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Buying A Car Using Equity Term Loan On Your Mortgage?

If the value of one’s property that is mortgaged to the bank has gone up over the years, one could then take out more leverage or debt in the form of an equity term loan for various purposes like investment (buying the bank’s stocks as what we have recommended earlier) or even to buy a car instead of taking a conventional car loan on hire purchase.

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Equity term loan (ETL) is only for private properties and not HDB. This is one reason put forth by some property investment gurus why a private property makes a better investment property rather than a HDB even though the latter almost always fetch a higher cap rate (capitalization rate or yield). One does not need to sell away the investment property to “unlock” its value but rather just take “cash out” when the value appreciates, or some bankers will call it “gear up”, in the form of a term loan. Such term loan (in short) is amortized in the same manner as the housing loan but usually on different interest as most borrowers take up the term loan at a later stage. When there is a term loan on top of a housing loan, banks can still take over both loans during refinancing in the same manner – splitting into two parts and taking over housing loan and term loan separately but applying the same interest rate package. The two cannot be combined as only the first loan taken on a new property is considered a housing loan, all subsequent loans taken on the same property will be considered ETLs which carry a higher risk to the bank. Let me explain why.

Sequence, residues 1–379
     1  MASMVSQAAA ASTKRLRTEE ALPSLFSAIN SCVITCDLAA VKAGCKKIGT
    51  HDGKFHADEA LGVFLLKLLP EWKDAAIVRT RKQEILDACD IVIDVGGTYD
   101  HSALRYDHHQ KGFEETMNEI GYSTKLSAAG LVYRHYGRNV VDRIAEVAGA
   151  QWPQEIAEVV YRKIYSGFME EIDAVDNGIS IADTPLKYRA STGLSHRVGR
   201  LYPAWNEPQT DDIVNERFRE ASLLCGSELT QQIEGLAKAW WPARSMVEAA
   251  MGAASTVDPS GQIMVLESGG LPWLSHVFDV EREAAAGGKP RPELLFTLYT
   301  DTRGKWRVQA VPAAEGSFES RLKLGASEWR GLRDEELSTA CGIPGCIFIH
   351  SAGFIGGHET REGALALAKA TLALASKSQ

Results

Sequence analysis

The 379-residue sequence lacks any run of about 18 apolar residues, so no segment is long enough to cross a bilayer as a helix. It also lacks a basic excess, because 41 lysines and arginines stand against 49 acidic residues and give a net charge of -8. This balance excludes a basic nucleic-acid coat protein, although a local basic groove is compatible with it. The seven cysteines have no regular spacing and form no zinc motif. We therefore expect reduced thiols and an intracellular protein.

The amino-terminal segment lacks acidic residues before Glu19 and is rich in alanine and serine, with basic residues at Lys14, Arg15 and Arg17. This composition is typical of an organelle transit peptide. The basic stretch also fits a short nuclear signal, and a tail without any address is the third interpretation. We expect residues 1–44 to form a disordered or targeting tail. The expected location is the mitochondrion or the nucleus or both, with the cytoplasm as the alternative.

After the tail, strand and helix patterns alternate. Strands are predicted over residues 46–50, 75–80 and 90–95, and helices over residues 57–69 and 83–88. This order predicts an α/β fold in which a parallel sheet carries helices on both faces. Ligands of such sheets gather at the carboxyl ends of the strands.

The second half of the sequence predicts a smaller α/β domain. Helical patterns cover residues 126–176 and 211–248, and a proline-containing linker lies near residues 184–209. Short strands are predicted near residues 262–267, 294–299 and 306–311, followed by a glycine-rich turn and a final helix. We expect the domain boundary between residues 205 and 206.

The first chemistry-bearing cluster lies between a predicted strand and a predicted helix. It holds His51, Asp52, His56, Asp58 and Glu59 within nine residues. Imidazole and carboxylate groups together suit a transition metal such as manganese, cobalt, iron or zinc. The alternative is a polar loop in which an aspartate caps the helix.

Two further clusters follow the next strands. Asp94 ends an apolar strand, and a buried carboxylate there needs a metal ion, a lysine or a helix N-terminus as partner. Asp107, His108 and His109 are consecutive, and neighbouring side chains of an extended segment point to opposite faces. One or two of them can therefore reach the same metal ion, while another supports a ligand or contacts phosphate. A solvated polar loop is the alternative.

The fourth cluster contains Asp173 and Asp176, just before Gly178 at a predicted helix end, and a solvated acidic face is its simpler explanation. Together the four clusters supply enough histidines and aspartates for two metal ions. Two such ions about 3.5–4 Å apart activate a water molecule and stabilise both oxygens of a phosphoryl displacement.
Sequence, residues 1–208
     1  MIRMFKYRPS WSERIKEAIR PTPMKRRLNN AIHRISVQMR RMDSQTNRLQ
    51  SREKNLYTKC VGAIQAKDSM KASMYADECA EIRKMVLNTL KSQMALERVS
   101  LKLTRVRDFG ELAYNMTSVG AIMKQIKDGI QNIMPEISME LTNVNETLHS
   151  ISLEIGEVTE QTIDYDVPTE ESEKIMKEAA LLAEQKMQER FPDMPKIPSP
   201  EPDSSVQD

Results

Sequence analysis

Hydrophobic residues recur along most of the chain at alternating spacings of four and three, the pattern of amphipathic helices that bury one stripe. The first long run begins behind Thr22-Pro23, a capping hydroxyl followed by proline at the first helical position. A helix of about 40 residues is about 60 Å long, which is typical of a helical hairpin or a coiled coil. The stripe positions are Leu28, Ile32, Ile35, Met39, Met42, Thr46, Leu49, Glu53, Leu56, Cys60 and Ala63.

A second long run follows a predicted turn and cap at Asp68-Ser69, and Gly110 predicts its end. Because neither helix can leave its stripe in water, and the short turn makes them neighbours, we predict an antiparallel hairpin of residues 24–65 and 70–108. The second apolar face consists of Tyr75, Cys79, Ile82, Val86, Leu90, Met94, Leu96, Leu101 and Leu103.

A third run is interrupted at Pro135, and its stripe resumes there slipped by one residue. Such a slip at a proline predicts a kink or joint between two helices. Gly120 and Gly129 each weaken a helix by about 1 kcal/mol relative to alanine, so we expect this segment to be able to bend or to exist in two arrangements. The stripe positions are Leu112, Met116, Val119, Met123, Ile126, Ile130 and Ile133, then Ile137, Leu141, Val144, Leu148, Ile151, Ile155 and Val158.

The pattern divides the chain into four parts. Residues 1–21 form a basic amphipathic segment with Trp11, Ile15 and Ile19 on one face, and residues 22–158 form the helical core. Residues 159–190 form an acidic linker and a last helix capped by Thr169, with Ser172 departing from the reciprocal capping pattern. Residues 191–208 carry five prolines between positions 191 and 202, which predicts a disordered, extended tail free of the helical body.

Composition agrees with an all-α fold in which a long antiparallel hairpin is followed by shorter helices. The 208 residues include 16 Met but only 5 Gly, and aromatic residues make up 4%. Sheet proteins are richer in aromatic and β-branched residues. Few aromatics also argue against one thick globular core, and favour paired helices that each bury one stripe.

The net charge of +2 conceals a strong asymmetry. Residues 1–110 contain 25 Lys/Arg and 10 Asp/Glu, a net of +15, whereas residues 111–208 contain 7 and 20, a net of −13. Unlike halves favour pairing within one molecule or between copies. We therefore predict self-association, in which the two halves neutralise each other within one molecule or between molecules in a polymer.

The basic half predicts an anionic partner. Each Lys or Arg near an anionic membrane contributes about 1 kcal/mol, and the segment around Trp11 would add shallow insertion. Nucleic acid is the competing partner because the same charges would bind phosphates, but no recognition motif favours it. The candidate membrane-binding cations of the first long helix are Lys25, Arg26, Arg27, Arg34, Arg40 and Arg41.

We often say that term loan is a 5th charge loan – behind that of housing loan and CPF amounts used, in the event of a default or foreclosure. Should the borrower be unable to service the loan and the bank foreclose and auction off the subject property, all sales proceeds will be paid out in the following sequence:

1st Charge:

Outstanding housing loan (Bank or HDB)

2nd Charge:

CPF principal sum used up to 100% of Valuation Limit plus whatever amount that has been used for legal fees, stamp duty & survey fees

3rd Charge (pari passu or equal ranking):

CPF principal sum beyond 100% of Valuation Limit and CPF accrued interest;

Outstanding housing loan interests

4th Charge (pari passu or equal ranking):

CPF Board’s legal costs and expenses;

Bank’s legal costs and expenses

5th Charge:

Any other monies owing to the bank under the mortgage like equity term loan

For an even clearer idea refer to the Terms and Conditions on the use of CPF savings under CPF Residential Properties Scheme on the CPF website. The relevant extract is reproduced here for your easy reference.

5th charge loan for term loan

As term loan is a 5th charge loan, it carries more risk for the bank and hence it will less out the CPF used to- date in calculating the maximum term loan available to a borrower, using the formula 80% of valuation less CPF used to-date less outstanding housing loan. Do note that however different banks may have different practices when it comes to the maximum term loan allowed depending on their own credit policy, and factors like whether this is the only housing loan for the borrower or there are multiple mortgages, foreigner versus local etc. If you are looking to gear up, we suggest you speak to one of our experienced mortgage consultant to find out more.

At MortgageWise, we seek to provide thought leadership in the area of mortgage planning in Singapore, taking deep dive into developments and news on mortgages & helping clients track interest rate movements.  We do not just go for one-time business with clients but rather choose to build long trusting relationships by giving truly independent advice to the extent of losing the deal.  We strive to become the first-choice mortgage partner for homeowners and the creditable distributor of mortgage products for banks and financial institutions in Singapore.